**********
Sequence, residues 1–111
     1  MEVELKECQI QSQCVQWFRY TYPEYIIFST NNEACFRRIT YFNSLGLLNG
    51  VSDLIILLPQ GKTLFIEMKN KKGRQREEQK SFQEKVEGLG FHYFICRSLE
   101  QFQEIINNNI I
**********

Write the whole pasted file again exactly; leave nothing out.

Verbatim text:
Sequence, residues 1–111
     1  MEVELKECQI QSQCVQWFRY TYPEYIIFST NNEACFRRIT YFNSLGLLNG
    51  VSDLIILLPQ GKTLFIEMKN KKGRQREEQK SFQEKVEGLG FHYFICRSLE
   101  QFQEIINNNI I